ANNAPOLIS – A bill that its proponents say would expand abortion access by providing $3.5 million for the training of nurse practitioners and other medical professionals to perform the procedure passed the Senate Tuesday by a vote of 28-15. Currently, only licensed physicians can perform abortions.
The bill is now on its way to Republican Gov. Larry Hogan for his signature to become law.
The bill (HB937), titled the Abortion Care Access Act, passed the House earlier this month.
Proponents say expanding the number of abortion providers would create more access for women, particularly those living in rural communities.
The legislation was met with numerous proposed amendments, but none of them passed. Sen. Stephen S. Hershey, R- Caroline, Cecil, Kent, Queen Anne’s, proposed an amendment that would place greater regulations on which facilities could be used for abortion procedures.
Sen. Mary Beth Carozza, R-Somerset, Worcester, Wicomico, said legislators should consider the mental health aspect of abortion.
“Twenty to 30% of post-abortive women suffer from serious prolonged negative psychological consequences,” Carozza said during Tuesday’s floor debate.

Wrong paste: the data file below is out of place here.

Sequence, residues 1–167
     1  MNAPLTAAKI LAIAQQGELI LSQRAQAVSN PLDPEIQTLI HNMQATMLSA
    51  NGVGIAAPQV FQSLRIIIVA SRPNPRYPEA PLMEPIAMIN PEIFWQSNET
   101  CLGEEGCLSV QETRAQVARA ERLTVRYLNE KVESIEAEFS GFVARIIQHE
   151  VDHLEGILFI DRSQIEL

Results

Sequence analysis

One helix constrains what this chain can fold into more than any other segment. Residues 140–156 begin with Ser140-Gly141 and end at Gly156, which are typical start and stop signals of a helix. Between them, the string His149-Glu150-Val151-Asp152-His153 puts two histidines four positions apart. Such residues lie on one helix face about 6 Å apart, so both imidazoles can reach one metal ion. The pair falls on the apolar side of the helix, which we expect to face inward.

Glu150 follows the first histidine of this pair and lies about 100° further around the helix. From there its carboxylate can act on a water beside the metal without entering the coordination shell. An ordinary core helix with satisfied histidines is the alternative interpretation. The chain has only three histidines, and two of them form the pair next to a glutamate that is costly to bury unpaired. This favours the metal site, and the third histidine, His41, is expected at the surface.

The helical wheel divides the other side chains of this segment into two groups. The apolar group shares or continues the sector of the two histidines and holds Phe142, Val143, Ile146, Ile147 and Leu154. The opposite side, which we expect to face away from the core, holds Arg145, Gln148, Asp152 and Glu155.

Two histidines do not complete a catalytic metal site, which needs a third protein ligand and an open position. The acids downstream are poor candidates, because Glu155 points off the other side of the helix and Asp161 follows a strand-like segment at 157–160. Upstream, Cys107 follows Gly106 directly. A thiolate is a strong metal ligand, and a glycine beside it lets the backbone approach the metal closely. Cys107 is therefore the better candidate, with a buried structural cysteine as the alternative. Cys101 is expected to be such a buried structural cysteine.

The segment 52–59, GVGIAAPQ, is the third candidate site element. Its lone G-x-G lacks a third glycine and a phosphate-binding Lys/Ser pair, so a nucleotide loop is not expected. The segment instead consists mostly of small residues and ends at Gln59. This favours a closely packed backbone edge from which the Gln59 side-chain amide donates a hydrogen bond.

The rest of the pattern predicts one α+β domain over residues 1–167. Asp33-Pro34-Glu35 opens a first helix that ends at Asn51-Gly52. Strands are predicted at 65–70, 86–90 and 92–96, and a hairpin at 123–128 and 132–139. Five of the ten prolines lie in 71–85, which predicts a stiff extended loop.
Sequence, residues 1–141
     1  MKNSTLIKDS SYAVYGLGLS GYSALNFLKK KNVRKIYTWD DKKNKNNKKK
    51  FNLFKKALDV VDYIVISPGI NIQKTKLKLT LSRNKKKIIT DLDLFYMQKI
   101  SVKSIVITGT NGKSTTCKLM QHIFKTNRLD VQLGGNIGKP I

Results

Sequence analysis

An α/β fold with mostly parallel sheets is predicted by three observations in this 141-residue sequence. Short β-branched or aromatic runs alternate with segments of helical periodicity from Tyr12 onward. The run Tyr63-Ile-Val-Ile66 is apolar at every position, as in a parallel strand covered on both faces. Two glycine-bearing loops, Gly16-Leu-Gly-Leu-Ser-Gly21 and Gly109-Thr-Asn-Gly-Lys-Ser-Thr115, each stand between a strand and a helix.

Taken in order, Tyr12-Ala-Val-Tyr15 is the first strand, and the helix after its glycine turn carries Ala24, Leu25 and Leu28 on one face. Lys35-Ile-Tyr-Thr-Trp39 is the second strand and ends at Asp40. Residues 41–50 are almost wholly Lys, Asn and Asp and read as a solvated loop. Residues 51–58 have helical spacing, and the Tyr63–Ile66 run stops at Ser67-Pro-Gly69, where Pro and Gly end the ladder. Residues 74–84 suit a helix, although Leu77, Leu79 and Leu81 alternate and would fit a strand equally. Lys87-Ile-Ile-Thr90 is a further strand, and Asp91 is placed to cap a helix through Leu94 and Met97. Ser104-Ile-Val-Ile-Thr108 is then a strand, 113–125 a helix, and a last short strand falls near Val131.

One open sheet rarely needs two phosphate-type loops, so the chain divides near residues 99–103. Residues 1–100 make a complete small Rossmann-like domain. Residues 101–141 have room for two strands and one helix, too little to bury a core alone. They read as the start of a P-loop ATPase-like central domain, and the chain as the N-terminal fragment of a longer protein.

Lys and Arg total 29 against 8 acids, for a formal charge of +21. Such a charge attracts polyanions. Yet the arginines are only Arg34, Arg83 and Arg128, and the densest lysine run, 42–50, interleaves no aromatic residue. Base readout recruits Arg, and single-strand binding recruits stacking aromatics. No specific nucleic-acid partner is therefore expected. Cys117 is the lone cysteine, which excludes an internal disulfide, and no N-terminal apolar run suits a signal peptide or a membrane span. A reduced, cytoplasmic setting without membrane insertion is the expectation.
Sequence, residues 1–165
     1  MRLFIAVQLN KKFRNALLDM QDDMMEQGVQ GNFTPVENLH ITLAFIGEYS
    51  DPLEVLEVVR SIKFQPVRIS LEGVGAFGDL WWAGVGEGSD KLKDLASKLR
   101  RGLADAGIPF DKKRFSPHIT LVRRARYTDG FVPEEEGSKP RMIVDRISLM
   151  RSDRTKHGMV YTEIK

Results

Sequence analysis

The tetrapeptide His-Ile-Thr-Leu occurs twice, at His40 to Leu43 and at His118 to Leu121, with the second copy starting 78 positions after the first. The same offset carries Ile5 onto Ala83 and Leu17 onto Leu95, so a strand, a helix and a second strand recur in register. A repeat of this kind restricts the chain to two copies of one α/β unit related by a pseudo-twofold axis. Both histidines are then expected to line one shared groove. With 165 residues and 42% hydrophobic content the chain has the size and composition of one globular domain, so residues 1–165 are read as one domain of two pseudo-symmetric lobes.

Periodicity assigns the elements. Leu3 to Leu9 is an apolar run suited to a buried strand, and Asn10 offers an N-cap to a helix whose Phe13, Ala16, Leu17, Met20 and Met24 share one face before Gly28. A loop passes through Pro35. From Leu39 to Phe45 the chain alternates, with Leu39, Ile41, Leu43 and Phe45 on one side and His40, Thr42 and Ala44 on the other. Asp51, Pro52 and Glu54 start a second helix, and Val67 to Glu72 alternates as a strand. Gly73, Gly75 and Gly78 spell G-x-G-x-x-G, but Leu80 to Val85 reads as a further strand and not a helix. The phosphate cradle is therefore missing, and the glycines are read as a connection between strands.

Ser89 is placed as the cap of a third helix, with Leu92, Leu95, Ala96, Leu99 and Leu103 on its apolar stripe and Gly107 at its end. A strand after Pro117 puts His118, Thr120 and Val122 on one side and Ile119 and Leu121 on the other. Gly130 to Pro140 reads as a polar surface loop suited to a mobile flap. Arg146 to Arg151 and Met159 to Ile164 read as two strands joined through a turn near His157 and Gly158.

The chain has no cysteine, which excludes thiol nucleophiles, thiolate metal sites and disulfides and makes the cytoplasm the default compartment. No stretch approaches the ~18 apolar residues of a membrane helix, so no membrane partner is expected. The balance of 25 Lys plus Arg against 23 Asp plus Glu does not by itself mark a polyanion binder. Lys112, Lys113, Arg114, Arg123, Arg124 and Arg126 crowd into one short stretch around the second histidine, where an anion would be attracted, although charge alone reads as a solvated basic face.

Sen. Delores G. Kelley, D-Baltimore County, the lead sponsor in the Senate, rejected their comments.
“Literally, there is nothing about the bill that is before us that would require our creating new regulations or litigation or anything else to force people to have to have mental health screenings,” Kelley said. “In fact, it’s actually insulting.”
If the bill becomes law, it could take effect as early as July.
Language in the bill’s fiscal note states that abortions would have to be performed by a “qualified provider” rather than only by a licensed physician.
According to the bill, a qualified provider is anyone who is licensed, certified, or otherwise authorized by law to practice in Maryland, and providing an abortion is within the scope of their qualifications.
A 2021 Capital News Service analysis found that there is only one abortion clinic in each of the state’s Central and Southern regions and the Eastern Shore.
“The main thing that the bill is doing is not to add to abortions or to deny them,” Kelley said. “It is to help us to have available practitioners in Maryland for something that has been legal here since 1991.”
The House reviewed the bill and sent it to Hogan for his possible signature.